Handsome hipster Alberto (Jean Sorel) accidentally eavesdrops on a steamy phone conversation between two women. It inspires erotic daydreams about sexy naked women in psychedelic body-paint doing provocative things with telephones. Later Albert meets the lovely Claudia (Catherine Spaak) in person and charms his way into her heart. After selecting the perfect record to make love to, the pair head back to Claudia's pop art styled apartment for some afternoon passion. Thereafter, unable to cope with an ailing older brother back home Alberto takes to hanging out with Claudia. They pose as talent scouts to pick up naïve young teenager Viola (Gabriella Boccardo) as a cruel excuse to probe into her sex life, share some laughs with a happy hooker (Maria Luisa Bavastro) and tangle with Claudia's violent boyfriend Pietro (popular comic actor Gigi Proietti who went on to voice the Genie in the Italian version of Disney's Aladdin (1992)!). In the process Alberto uncovers some unsettling secrets in Claudia's psychological closet, chiefly her father's widow Greta (Florinda Bolkan) whom she claims sexually exploited her as a teenager.
In some ways it is unfortunate Dario Argento and his many imitators have set in stone what many people expect a giallo to be. One imagines fans weaned on the splatter fests of the Seventies might grow infuriated with Damiano Damiani's slow-paced, heavily psychoanalytical A Rather Complicated Girl which despite abundant eroticism and psychedelic visual flourishes shuns graphic murder set-pieces to concentrate on the long psychological build-up to a single significant killing. It is not a perfect film, with a tendency to scrutinize rather than empathize with the damaged protagonists that renders things rather cold along with a nagging sense beneath the pseudo-psychological posturing lurks an old fashioned exploitation film. Yet Damiani pulls off a rather clever conceit playing around with the classic motifs of film noir murder mysteries, specifically the femme fatale luring an unsuspecting innocent man into murder. In a finale foreshadowing François Ozon's excellent art-house erotic thriller Swimming Pool (2003), in some ways, we come to reassess everything we thought we knew about characters we initially peg as 'psychotic' and 'innocent.'
Throughout the film lurks the constant sense Claudia and Pietro are cooking something sinister up for Alberto as Damiani plays around with Jean Sorel's familiar giallo image as a handsome yet hapless stooge entrapped in elaborate conspiracies: One on Top of the Other (1969) and The Short Night of Glass Dolls (1971). However Alberto carries his share of psychological ambiguities, often a passive voyeur throughout moments of sex and violence and tormented by an inability to do anything about his brother's imminent death in an admittedly ill-defined sub-plot. All the characters herein are erudite and prone to self-analysis, occasionally to the point of irritation. Alberto in particular often loses himself in long monologues pondering the mysteries of existence but these pay off in the quietly unsettling denouement. More often cast as a doe-eyed good girl Catherine Spaak shines as the enigmatic Claudia taking the place of a murder as the film's compelling central mystery. That the voluptuous singer and actress spends a fair portion of the film naked does not hurt either. Things get even steamier once future giallo staple Florinda Bolkan joins the party.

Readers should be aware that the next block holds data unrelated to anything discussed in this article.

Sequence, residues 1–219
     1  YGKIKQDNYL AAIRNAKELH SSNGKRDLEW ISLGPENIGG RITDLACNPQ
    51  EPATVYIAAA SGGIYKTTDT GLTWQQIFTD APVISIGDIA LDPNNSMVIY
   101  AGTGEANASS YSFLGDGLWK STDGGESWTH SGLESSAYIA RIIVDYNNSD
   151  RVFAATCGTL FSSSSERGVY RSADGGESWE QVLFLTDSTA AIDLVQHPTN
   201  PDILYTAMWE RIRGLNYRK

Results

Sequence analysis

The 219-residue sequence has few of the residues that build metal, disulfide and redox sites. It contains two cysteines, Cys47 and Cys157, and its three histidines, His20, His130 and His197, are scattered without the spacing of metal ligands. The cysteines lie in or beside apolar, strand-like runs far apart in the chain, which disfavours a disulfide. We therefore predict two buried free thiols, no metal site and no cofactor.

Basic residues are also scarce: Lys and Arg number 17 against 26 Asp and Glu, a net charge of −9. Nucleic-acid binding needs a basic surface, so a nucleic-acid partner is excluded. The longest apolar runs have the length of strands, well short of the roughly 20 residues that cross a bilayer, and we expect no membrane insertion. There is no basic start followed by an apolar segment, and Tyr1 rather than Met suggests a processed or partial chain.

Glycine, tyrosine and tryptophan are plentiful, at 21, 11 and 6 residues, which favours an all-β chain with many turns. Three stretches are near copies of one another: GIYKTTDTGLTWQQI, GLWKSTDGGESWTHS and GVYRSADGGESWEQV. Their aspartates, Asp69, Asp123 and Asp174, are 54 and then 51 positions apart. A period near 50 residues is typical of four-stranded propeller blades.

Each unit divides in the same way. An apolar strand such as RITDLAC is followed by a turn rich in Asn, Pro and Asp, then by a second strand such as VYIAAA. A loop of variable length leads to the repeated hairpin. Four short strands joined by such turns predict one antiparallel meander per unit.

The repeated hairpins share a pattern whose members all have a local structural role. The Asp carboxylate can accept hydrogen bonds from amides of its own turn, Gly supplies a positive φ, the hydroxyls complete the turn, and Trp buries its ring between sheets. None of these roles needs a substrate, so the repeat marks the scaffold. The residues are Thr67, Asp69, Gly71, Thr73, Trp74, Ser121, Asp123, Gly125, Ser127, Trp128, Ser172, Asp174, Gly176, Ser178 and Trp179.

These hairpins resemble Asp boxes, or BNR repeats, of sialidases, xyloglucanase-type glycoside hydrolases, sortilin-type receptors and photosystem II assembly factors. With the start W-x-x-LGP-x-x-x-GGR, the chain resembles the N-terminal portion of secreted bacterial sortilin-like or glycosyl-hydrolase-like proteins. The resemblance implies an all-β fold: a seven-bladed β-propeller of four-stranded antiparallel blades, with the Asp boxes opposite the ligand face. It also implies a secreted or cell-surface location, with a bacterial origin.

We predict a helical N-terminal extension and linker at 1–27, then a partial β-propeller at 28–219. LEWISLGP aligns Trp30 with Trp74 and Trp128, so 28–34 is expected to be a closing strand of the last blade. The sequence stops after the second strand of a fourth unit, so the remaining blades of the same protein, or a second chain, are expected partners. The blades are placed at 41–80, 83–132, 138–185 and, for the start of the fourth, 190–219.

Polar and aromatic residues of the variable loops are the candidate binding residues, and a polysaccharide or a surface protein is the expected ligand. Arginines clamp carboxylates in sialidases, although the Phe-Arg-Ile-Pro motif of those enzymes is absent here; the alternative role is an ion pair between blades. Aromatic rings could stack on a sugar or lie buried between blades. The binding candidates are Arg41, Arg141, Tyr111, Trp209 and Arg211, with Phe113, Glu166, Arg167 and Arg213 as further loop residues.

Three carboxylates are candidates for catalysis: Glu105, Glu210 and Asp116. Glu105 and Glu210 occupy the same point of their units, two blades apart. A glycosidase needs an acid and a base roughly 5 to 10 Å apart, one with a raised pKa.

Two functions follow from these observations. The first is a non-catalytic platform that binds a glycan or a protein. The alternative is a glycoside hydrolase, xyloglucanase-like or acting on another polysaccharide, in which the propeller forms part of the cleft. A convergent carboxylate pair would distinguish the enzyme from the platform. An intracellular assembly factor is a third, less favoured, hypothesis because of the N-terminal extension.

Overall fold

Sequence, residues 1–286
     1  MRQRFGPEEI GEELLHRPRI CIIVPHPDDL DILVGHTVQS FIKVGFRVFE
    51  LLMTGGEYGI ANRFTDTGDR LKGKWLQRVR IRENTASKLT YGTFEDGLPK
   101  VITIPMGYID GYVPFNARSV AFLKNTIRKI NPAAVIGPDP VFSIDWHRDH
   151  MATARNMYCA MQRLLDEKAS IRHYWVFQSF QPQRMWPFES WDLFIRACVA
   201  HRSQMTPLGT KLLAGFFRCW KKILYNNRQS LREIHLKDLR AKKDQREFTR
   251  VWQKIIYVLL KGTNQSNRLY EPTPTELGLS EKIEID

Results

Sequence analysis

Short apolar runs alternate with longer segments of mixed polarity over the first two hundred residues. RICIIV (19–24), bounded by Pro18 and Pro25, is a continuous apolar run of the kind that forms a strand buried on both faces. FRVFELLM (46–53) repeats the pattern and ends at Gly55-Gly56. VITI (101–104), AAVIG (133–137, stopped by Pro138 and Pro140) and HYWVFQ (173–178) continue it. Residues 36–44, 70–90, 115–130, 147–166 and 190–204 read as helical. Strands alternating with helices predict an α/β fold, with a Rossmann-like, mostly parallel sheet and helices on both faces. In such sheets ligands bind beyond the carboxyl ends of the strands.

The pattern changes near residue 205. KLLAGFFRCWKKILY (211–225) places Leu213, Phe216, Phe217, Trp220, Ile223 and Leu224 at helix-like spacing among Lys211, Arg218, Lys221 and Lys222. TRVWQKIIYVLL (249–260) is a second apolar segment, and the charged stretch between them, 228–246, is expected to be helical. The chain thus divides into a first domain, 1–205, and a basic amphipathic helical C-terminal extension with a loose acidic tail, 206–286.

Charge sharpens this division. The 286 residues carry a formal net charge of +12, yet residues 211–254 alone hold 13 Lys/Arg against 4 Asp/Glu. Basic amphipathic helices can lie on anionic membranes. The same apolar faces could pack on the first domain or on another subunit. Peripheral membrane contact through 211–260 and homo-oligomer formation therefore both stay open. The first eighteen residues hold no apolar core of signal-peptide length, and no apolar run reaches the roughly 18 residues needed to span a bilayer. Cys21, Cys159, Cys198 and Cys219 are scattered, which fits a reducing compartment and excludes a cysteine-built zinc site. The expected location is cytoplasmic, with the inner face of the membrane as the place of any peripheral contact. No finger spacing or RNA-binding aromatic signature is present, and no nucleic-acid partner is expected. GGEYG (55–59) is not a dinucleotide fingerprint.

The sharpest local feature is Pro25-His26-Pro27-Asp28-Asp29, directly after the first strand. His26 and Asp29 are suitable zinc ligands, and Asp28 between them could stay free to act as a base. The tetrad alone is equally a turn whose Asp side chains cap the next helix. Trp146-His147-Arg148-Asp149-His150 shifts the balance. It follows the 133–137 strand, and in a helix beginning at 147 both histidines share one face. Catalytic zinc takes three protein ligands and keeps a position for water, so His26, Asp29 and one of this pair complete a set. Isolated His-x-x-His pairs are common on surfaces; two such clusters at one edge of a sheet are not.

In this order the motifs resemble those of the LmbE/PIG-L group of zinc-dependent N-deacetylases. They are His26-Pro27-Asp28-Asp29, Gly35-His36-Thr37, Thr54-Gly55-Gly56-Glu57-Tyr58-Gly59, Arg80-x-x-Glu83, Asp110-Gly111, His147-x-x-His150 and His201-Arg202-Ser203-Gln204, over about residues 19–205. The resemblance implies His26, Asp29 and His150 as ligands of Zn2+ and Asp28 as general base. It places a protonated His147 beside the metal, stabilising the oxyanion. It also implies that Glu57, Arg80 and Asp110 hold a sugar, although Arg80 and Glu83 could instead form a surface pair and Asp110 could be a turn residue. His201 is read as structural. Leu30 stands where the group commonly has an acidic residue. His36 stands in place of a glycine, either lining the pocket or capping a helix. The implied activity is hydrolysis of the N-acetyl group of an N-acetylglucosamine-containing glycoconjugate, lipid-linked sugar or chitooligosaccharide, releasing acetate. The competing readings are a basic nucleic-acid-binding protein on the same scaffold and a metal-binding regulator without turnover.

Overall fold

In place of graphic bloodshed Damiani serves up squirm inducing moments of psychological cruelty. Most notably the lengthy sequence where the chic, upper-middle class protagonists coerce naïve working class teenager Viola to strip off on the pretext of auditioning for a talent show. Then when Viola's angry boyfriend and leering friend intervene, the director immediately subverts any notion of moral outrage as the slobbering goons hypocritically attempt to rape Claudia by way of a "lesson." Through it all Alberto stands passive until Claudia demands he intervene leaving the viewer uncertain just who is goading who into acts of sex and violence. Damiani stands out from other commercial Italian filmmakers. For while he hopped from genre to genre much like any other workhorse his films almost always have a provocative political dimension. Most notably his excellent spaghetti western A Bullet for the General (1968) although his many crime films with Franco Nero, e.g. Day of the Owl (1968), Confessions of a Police Captain (1971) and How to Kill a Judge (1974), and powerful rape drama The Most Beautiful Wife (1970) starring a then-fourteen year old (!) Ornella Muti deliver stinging critiques of Italian society, attacking urban inequities and archaic rural traditions. In a faintly backhanded compliment Pier Paolo Pasolini called Damiani "a bitter moralist hungry for old purity" while film critic Paolo Mereghetti supposedly claimed he was "the most American of Italian directors." Which might be why Dino De Laurentiis chose him to helm the otherwise uncharacteristic Amityville II: The Posession (1982). Diamiani remained active well into the early part of the twenty-first century before his death in 2013. Many of his films were inspired by real events although A Rather Complicated Girl was based on the novel 'The March Back' by Alberto Chiava. Along with some very Sixties psychedelic dream sequences the film has a groovy soundtrack composed by Fabio Fabor with a dance-along-children's chorus that treads a perfect line between playful and ominous.